(written by John Shreve)
June 3, 2014
- Andy Belval (Keystone)
- Dennis Domer (KU)
- John Shreve (KU)
1) John picked up last week’s discussion regarding the next I-70 conference planned for this fall, addressing the question of what private companies to consider inviting as sponsors for the event. In addition to smaller levels of financial support, the group had also discussed the idea of approaching one or more private sector organizations to contribute larger funds – and thereby having a more visible role in return.
2) Dennis agreed that this was a worthwhile proposal to continue, and will continue discussing with Marge when she returns from her trip to Europe. He also made the point that it a next step would be to put together a list of potential organizations to contact. Matching the interests and expectations between these groups and the I-70 partners will be a useful task to help guide future decision-making. For example, three issues that continue to surface in our New Cities research are (a) how to enhance overall well-being, (b) how to enable people to age at home, and (c) how to reduce costs of age-related care. When considering potential sponsors, it would be ideal to recruit companies who are focused on these and other related issues.
3) Andy commented that he has been meeting with several companies over the last six weeks who could be possibly interested in this sponsorship role. He has gained a number of insights after speaking with a wide range of developers and managers, many who have expressed interest in learning what we have been exploring with the I-70 coalition and New Cities groups.
4) Andy’s research reveals at least one trend, in which some of these companies are testing new approaches to senior housing, leading him to wonder “who will be the next Del Webb?”
5) Based on his recent interactions with various developers, Dennis commented that he’s seeing developers steer away from traditional CCRCs, because “we have enough already!”
6) Andy, on the other hand, replied that “CCRCs are still alive and kicking, and are still being built – at least in the Midwest.” But some of the models that he is observing appear to be geared toward clustering both assisted living and independent living within one large building, establishing greater efficiencies and synergies. At the same time, his opinion is that the developers are still not paying enough attention to changing market research data. Most of the building types that he has been observing are being built to supply short term market needs of persons over 80 years old. But there appears to be a “chasm” between what these developers are producing and what younger baby boomers are interested in. When asked about examples of project details (size, cost, etc.), Andy did not have the information at hand but will track it down and share.
7) John commented that he has also been tracking other related development trends along these same lines – and that all this discussion perhaps warrants a session on “industry trends” at the fall conference. This could be a combination of formal research and individual insights, such as what Andy is uncovering.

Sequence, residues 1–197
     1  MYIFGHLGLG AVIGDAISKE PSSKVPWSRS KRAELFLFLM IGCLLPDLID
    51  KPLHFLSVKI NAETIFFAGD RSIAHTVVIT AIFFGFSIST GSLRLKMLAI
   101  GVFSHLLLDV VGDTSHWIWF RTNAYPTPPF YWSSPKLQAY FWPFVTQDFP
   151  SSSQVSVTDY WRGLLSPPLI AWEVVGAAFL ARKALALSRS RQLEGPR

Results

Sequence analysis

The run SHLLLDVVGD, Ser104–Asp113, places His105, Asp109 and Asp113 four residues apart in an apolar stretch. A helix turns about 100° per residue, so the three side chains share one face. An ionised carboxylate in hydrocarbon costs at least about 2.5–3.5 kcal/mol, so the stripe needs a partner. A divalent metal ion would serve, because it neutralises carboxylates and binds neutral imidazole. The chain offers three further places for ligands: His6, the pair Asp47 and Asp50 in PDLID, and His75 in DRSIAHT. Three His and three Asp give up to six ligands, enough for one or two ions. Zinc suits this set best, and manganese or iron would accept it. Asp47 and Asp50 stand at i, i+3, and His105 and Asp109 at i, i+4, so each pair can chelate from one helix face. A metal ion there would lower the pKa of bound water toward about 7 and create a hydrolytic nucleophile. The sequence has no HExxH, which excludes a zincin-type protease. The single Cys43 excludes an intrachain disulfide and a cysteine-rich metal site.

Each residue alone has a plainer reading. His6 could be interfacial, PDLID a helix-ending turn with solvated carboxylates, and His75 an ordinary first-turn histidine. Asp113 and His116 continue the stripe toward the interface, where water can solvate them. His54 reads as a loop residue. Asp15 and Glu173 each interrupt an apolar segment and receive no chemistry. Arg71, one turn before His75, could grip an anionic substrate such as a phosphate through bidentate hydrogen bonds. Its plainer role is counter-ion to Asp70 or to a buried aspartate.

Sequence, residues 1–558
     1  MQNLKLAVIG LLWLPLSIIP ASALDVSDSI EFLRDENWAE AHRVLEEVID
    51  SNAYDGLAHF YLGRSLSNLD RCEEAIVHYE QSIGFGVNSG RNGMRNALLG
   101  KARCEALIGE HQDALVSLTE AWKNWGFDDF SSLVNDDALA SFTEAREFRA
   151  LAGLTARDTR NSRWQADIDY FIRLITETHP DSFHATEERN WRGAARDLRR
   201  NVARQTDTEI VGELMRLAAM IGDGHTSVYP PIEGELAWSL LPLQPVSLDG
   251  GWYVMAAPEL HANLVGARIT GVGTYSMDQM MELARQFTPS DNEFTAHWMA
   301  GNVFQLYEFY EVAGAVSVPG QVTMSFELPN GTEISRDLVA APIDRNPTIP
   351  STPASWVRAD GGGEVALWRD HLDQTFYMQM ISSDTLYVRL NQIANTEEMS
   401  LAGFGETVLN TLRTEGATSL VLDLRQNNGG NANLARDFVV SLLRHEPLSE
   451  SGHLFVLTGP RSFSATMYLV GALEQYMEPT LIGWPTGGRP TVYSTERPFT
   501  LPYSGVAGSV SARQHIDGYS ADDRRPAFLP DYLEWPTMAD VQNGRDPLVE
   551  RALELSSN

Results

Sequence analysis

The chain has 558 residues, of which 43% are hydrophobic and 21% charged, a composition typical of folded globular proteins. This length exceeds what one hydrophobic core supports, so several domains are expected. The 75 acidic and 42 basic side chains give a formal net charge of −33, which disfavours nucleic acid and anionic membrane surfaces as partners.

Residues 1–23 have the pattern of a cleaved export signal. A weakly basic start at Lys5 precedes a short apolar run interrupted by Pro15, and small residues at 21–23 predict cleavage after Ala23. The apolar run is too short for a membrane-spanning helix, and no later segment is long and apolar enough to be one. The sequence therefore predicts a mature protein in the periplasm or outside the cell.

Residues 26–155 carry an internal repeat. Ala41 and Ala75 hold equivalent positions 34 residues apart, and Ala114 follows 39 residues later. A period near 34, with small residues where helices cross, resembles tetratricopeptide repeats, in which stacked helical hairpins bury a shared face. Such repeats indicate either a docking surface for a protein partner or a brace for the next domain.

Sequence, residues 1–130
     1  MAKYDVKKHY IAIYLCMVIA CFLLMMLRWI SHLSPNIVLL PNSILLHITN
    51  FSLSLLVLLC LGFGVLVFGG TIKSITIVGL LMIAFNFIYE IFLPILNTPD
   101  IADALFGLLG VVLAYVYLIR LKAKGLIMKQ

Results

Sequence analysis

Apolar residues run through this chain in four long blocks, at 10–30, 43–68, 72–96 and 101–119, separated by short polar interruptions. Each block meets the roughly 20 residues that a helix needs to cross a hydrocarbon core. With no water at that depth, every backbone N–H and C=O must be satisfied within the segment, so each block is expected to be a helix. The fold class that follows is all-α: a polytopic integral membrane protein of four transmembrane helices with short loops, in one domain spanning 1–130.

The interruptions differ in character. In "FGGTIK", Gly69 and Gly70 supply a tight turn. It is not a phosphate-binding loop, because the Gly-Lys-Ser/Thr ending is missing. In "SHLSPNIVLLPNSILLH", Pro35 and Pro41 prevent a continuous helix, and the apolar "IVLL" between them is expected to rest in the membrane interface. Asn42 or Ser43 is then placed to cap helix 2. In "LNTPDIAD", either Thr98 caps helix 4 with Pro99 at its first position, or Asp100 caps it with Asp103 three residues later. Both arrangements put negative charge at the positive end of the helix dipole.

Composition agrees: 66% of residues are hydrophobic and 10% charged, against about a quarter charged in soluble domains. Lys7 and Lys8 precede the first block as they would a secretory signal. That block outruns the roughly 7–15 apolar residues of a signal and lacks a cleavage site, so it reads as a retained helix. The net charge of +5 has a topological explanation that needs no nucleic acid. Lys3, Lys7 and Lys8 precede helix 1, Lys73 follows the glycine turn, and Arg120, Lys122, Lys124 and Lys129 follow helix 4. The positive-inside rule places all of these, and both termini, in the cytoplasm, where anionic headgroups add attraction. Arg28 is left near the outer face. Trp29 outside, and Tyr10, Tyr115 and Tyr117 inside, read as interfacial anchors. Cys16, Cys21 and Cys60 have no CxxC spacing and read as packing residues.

8) Dennis agreed, and added his own personal experiences that fit within this dialogue – specifically on the issue of working with a financial planner to calculate current costs of aging and how to plan accordingly. With average costs of senior residential communities around $65,000 per year, the prospect of living in such a circumstance is significant – even “frightening.” In addition to the social considerations, the economic proposition is one of the biggest hurdles to face.
9) John agreed that the economic aspect of the aging issue is one of the most critical to address, and also observed that the I-70/New Cities research has barely scratched the surface of this issue. He proposed that we contact Randy Schwering (professor of business management at Rockhurst University, and member of the I-70 coalition) to inquire if he would be interested in tackling this issue with some of his students. John and Dennis have spoken with Randy in the past about involving his business students with our research, and this may be a good opportunity that would contribute to the emerging conference themes and also benefit the students’ own academic development. If this were to proceed, perhaps the students could even present their findings at the conference in November. John asked Andy if this sort of idea could complement the issues that he has been dealing with at Keystone.
10) Andy was enthusiastic about this idea, and offered to help define what the study would entail and how to conduct the research. Andy’s academic/professional background is in business marketing, so it would be a good combination to connect his experiences with the Rockhurst students. As an example, Andy spent some time describing how new technologies find their way into the market place through a range of innovators and early adopters – and that it would be interesting for the business students to further analyze these dynamics from the theoretical and applied perspectives.
11) Dennis also agreed that this would be another useful activity for the I-70 group, and will contact Randy to arrange a meeting with Dennis, John, and Andy to discuss further.
12) Andy brought up the last item of the discussion, asking Dennis for an update on any NIH/NHS grants that were being pursued by I-70 members. Dennis replied that the only one that he was aware of was one that Marge was organizing, and that she may be looking for partners. Andy expressed interest in knowing more, so Dennis will facilitate that connection.